Article first published as PlayStation 4 Review: ‘Dragon Ball: Xenoverse’ on Blogcritics.
Dragon Ball: Xenoverse is the latest in an unsurprisingly long list of games based on the hugely popular Dragon Ball manga and subsequent anime series. It’s hard to believe that Dragon Ball is thirty years old now, and as a matter of fact, it’s been almost twenty years since the original run of the manga series ended. What is new, is that this the first time the long-running series has made it to this generation of consoles. Though Xenoverse isn’t perfect, for the most part, the series debut on the PlayStation 4 is a pretty solid effort.
Dragon Ball is all about the fighting, and typically, it’s that fighting at the center of every Dragon Ball game. Xenoverse is no exception. However the fighting mechanics in Xenoverse don’t stand up very well against those in other fighting games. Besides being able to string together combos, combat is a pretty simple affair. Weak and strong attacks are mapped to the square and triangle buttons respectively. A Ki blast is executed with the circle button and special moves and dashing are done with the triggers. Guarding is done with the left bumper and the right one is used for the necessary locking on.
Where some previous Dragon Ball games have tried to shoehorn the combat into small arenas and even indoor locations, Xenoverse tries to make the fighting environments more faithful to the source material. In most cases, this means fighting in the air. While that is certainly more epic, it does introduce a new set of problems. With such large fighting areas, there can be a lot of chasing. Just like a boxing match, where one fighter is clearly ahead, and just staying out of danger, following your opponent around arena, doesn’t make for compelling entertainment.
Luckily, Dragon Ball: Xenoverse does have other things going for it. Unlike the previous games, that follow the original Dragon Ball canon, Xenoverse mixes it up a bit and towards the end charts a whole new path. Longtime fans, should worry too much though, because the new narrative doesn’t stray too far off of the path. Of course, the primary reason why Xenoverse needs a new story, is because players actually create their own character, this time around. While that isn’t entirely new, it is fairly well integrated, this time around.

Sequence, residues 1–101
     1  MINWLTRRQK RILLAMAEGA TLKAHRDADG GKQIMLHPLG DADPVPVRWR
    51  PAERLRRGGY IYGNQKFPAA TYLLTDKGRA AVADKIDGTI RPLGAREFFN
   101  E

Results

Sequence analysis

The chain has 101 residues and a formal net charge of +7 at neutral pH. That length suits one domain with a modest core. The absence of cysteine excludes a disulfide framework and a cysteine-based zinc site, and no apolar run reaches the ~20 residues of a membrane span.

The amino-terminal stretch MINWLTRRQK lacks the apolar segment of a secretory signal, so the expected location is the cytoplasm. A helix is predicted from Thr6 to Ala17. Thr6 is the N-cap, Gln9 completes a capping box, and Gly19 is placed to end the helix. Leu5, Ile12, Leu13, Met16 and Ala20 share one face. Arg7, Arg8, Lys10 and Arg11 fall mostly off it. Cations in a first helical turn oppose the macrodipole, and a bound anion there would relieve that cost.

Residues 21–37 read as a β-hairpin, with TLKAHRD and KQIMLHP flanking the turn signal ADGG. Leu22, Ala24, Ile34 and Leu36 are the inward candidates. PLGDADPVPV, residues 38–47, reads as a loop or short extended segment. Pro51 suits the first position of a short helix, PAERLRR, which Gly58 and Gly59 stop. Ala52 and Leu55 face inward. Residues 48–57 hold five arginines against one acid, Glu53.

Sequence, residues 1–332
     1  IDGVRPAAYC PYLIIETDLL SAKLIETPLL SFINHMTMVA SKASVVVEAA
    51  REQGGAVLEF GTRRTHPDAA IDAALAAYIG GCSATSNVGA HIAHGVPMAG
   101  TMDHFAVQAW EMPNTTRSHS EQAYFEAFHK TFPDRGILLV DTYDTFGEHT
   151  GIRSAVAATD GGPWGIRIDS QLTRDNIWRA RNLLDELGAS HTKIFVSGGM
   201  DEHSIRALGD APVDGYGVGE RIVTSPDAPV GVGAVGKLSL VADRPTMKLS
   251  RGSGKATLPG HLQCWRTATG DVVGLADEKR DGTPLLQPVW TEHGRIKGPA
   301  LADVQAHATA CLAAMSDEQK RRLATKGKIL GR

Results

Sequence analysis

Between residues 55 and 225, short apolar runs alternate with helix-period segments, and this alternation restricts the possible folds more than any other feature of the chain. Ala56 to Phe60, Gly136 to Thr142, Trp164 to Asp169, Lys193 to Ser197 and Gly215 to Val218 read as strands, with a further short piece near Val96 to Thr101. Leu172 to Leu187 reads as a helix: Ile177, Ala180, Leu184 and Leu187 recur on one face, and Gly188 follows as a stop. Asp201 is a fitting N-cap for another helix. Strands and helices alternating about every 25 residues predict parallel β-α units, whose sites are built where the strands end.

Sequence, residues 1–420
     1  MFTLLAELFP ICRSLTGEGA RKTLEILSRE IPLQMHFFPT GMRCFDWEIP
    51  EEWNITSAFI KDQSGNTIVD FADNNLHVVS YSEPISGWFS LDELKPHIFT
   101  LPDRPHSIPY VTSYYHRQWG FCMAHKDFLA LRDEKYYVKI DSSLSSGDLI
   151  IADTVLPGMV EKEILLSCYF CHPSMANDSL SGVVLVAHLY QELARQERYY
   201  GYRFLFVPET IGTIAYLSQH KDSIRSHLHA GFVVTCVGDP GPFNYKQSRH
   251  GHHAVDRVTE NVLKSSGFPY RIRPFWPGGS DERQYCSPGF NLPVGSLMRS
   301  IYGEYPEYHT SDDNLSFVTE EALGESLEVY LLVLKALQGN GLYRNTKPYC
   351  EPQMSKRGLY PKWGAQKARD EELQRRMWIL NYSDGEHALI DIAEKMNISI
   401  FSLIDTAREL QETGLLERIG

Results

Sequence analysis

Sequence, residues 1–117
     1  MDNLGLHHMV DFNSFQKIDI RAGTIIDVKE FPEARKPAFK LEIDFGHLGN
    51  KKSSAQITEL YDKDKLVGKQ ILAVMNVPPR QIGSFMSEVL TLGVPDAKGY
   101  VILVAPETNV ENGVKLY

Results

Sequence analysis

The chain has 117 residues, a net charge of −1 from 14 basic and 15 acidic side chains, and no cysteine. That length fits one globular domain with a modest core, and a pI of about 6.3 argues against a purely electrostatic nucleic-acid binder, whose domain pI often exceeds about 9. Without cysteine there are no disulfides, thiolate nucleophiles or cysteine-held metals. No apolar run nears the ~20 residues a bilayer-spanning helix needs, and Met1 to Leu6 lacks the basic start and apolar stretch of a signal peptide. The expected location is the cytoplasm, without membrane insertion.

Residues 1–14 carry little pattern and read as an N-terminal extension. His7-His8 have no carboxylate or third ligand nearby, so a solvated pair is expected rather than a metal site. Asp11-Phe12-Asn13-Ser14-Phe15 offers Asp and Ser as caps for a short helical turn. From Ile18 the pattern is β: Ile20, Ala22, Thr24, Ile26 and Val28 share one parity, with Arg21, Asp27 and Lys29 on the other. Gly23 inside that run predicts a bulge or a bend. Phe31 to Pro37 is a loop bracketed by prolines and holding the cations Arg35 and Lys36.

The RPG elements in Dragon Ball: Xenoverse are surprisingly substantial. You can choose the race and gender, if applicable, of your user-created Z warrior, and from there you have plenty of cosmetic options. It’s not the Mass Effect or even Soul Calibur level of customization, but it should make most fans happy. In addition to hairstyles and skin colors, you can also mix and match your abilities, and customize your battle skills. Special and super attacks can also be switched out in-between missions. Additionally, stat improving clothing items can be either bought or won throughout the game.
Another element Xenoverse borrows from the RPG genre, is the town hub. Your character can run around and speak to all of the characters in town, and surprisingly most of them are fully voiced. Rather than utilizing a menu system, everything in the game is done from the hub. That includes both local and online multiplayer and coop. While it is immersive, it can be somewhat time consuming, especially when network connection issues are fairly commonplace. A new wrinkle to Dragon Ball games, and also accessible through the hub are the Parallel quests, which are essentially side missions. Of course it wouldn’t be a hub, without stores too.
With the included Japanese language option, Dragon Ball: Xenoverse is undoubtedly for fans of the series, and what it does really well, is let fans immerse themselves in the Dragon Ball world. No previous game in the series has done this quite as well. That doesn’t mean everything in the game works well. Individually, a lot of the elements could be improved upon, but as tedious as some aspects are, the entirety of the experience is a giant leap forward. Going forward, if Namco Bandai can just improve upon this framework, the future looks bright for Dragon Ball games.